- Create and collaborate. Google Docs is built right into Google Drive, so you can work with others in real time on documents, spreadsheets and presentations. Once you choose to share content with others, you can add and reply to comments on anything (PDF, image, video file, etc.) and receive notifications when other people comment on shared items.
- Store everything safely and access it anywhere (especially while on the go). All your stuff is just… there. You can access your stuff from anywhere–on the web, in your home, at the office, while running errands and from all of your devices. You can install Drive on your Mac or PC and can download the Drive app to your Android phone or tablet. We’re also working hard on a Drive app for your iOS devices. And regardless of platform, blind users can access Drive with a screen reader.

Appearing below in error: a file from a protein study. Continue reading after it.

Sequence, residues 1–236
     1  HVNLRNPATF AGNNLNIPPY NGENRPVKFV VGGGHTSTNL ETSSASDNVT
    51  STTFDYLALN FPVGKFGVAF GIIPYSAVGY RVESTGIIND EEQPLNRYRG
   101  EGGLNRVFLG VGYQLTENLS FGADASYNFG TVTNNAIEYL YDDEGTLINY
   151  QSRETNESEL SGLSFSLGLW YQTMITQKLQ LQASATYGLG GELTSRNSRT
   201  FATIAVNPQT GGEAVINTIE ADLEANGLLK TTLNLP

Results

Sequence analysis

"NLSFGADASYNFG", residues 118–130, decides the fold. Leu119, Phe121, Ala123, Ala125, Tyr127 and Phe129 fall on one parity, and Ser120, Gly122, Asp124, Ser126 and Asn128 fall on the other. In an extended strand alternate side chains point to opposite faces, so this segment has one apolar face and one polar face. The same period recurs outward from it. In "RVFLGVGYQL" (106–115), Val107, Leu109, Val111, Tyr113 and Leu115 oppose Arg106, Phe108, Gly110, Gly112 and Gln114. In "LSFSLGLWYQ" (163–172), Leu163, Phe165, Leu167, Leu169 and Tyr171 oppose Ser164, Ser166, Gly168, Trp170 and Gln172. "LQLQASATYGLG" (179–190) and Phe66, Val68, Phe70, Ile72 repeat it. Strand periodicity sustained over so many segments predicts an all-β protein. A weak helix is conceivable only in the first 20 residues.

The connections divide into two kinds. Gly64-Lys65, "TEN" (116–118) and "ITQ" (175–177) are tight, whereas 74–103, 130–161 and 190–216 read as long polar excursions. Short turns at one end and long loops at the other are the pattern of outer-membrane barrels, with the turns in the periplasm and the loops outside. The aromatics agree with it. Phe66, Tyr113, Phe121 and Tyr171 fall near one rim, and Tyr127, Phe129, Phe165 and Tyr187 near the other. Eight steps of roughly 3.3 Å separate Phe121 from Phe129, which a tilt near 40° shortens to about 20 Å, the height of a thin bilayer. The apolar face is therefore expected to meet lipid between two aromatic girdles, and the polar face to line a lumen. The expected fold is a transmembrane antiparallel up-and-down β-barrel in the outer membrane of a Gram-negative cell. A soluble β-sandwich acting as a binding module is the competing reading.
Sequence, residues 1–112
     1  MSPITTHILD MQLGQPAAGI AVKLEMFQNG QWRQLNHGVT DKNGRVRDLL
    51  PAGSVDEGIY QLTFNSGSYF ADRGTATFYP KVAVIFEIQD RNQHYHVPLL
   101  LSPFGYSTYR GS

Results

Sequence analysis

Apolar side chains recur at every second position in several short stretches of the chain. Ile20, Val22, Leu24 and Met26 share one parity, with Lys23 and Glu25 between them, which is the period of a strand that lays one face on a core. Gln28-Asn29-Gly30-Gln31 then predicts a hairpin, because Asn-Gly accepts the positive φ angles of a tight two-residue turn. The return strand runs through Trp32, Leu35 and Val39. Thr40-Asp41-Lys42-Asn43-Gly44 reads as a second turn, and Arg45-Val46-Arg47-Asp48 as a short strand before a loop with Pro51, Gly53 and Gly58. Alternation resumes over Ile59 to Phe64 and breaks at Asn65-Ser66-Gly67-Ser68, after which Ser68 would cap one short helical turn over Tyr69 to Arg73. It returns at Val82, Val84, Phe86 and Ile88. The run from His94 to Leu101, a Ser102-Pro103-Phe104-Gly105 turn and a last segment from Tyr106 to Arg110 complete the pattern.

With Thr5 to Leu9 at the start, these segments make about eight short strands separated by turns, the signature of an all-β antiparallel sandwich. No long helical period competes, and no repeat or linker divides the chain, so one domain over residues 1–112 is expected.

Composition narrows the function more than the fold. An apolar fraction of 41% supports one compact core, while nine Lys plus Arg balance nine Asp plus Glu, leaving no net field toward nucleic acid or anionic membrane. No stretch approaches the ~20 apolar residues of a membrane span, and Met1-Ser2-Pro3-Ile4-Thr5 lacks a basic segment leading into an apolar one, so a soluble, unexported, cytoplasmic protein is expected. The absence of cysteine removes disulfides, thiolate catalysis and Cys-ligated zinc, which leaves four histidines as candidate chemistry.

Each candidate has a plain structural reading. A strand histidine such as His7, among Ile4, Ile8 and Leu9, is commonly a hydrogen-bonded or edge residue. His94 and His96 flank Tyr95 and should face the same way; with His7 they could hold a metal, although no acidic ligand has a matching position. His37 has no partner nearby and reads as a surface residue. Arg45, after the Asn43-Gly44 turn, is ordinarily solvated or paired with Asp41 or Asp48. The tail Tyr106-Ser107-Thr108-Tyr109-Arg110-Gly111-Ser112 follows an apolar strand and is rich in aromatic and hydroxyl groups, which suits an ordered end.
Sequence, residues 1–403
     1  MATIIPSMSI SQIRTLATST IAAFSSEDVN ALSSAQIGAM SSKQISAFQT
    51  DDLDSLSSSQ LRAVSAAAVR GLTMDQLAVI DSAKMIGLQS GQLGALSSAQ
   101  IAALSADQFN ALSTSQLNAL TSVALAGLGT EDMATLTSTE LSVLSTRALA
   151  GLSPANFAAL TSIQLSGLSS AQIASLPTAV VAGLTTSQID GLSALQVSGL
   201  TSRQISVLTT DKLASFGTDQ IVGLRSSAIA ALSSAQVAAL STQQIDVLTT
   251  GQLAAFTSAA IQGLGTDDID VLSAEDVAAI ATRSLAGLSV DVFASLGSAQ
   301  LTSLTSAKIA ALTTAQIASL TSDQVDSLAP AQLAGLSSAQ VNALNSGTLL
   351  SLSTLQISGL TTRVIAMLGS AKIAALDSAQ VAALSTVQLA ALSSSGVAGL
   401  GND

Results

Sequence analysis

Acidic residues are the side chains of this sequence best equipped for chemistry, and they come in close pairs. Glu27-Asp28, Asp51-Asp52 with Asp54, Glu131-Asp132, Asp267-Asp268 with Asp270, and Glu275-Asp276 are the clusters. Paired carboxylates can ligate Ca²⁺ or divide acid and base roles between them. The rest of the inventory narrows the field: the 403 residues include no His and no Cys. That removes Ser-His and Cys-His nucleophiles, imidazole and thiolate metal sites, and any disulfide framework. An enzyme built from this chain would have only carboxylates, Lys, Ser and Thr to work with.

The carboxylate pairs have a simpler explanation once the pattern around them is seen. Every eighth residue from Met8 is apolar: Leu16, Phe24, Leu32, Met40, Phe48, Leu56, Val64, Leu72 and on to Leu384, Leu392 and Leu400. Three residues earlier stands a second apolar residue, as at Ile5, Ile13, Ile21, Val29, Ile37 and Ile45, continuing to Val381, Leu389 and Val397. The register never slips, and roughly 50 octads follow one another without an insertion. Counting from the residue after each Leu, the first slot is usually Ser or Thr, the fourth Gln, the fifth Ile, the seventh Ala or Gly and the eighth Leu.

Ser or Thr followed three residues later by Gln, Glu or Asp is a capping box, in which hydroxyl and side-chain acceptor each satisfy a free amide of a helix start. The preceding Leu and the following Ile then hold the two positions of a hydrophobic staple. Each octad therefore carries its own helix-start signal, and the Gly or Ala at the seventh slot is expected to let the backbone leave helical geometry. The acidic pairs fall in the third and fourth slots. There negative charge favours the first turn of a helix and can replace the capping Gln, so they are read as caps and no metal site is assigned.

- Search everything. Search by keyword and filter by file type, owner and more. Drive can even recognize text in scanned documents using Optical Character Recognition (OCR) technology. Let’s say you upload a scanned image of an old newspaper clipping. You can search for a word from the text of the actual article. We also use image recognition so that if you drag and drop photos from your Grand Canyon trip into Drive, you can later search for [grand canyon] and photos of its gorges should pop up. This technology is still in its early stages, and we expect it to get better over time.